Advertisement

Journal of Gastroenterology

, Volume 44, Issue 6, pp 577–582 | Cite as

Efficacy and safety of addition of minor bloodletting (petit phlebotomy) in hepatitis C virus-infected patients receiving regular glycyrrhizin injections

  • Naoki Tanaka
  • Akira Horiuchi
  • Takahiro Yamaura
  • Michiharu Komatsu
  • Takahide Yokoyama
  • Shinji Okaniwa
  • Tadanobu Nagaya
  • Kaname Yoshizawa
  • Kendo Kiyosawa
  • Toshifumi Aoyama
  • Eiji Tanaka
Original Article—Liver, Pancreas, and Biliary Tract

Abstract

Background

Hepatoprotective therapies that include regular glycyrrhizin injections (GIs) are beneficial for chronic hepatitis C patients, but are sometimes insufficient for normalizing serum alanine aminotransferase (ALT) levels. Here, we evaluated whether the addition of minor bloodletting, named petit phlebotomy (PP), prior to each GI could further reduce serum ALT concentrations in such patients.

Methods

Seventy-six hepatitis C virus (HCV)-infected patients receiving regular GI, with persistently abnormal serum ALT levels, were randomly divided into GI + PP and GI groups and monitored for 12 months. PP was performed before every GI to a total 60 ml of blood a week. The primary PP endpoint was a serum ferritin level of less than 20 ng/ml. PP was suspended upon reaching the endpoint, but was resumed as needed. The efficacy of the addition of PP was evaluated by measuring changes in serum ALT levels.

Results

Two patients in each group dropped out because of the appearance of hepatocellular carcinoma. The remainder completed the 12-month treatment with no serious adverse events. Serum ALT and ferritin levels were significantly decreased in the GI + PP group (from 67 ± 34 to 44 ± 14 U/l and from 163 ± 127 to 25 ± 21 ng/ml, respectively, both P < 0.001), but these changes were not seen in the GI group. Although 20 patients in the GI + PP group had compensated cirrhosis, no significant reductions in serum albumin concentrations were observed.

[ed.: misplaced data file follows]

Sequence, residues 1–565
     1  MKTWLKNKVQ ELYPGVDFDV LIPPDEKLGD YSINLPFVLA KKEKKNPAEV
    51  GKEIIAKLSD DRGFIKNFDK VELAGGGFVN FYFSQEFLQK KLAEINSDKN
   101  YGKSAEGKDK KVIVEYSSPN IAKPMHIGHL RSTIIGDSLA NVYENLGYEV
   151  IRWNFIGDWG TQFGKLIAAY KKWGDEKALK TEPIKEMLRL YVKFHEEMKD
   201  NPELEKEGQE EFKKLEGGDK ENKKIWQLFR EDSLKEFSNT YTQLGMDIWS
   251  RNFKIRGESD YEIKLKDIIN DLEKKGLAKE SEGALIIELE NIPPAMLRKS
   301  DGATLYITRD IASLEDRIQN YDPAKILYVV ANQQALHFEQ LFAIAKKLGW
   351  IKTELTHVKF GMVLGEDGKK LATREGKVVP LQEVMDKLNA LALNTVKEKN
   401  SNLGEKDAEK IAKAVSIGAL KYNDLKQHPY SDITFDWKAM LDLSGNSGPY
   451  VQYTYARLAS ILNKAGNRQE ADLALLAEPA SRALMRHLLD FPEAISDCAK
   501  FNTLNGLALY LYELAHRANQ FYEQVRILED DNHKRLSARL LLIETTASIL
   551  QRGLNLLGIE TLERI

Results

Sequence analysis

Conclusions

The addition of PP is effective and safe for improving serum aminotransferase levels in HCV-infected patients receiving regular GI, even in those with compensated cirrhosis.

Keywords

Petit phlebotomy Hepatitis C Liver cirrhosis Glycyrrhizin injection Ferritin Albumin 

Notes

Acknowledgments

We thank the nursing, nutrition, and laboratory staff for their skilled work and Mr. Trevor Ralph for his editorial assistance.

References

  1. 1.
    Kiyosawa K, Sodeyama T, Tanaka E, Gibo Y, Yoshizawa K, Nakano Y, et al. Interrelationship of blood transfusion, non-A, non-B hepatitis and hepatocellular carcinoma: analysis by detection of antibody to hepatitis C virus. Hepatology. 1990;12:671–5.PubMedCrossRefGoogle Scholar
  2. 2.
    Tarao K, Rino Y, Ohkawa S, Endo O, Miyakawa K, Tamai S, et al. Sustained low alanine aminotransferase levels can predict the survival for 10 years without hepatocellular carcinoma development in patients with hepatitis C virus-associated liver cirrhosis of Child stage A. Intervirology. 2004;47:65–71.PubMedCrossRefGoogle Scholar
  3. 3.
    Tanaka N, Kiyosawa K. Phlebotomy: a promising treatment for chronic hepatitis C. J Gastroenterol. 2004;39:601–3.PubMedGoogle Scholar
  4. 4.
    Kaito M. Molecular mechanism of iron metabolism and overload in chronic hepatitis C. J Gastroenterol. 2007;42:96–9.PubMedCrossRefGoogle Scholar
  5. 5.
    Hayashi H, Takikawa T, Nishimura N, Yano M, Isomura T, Sakamoto N. Improvement of serum aminotransferase levels after phlebotomy in patients with chronic active hepatitis C and excess hepatic iron. Am J Gastroenterol. 1994;89:986–8.PubMedGoogle Scholar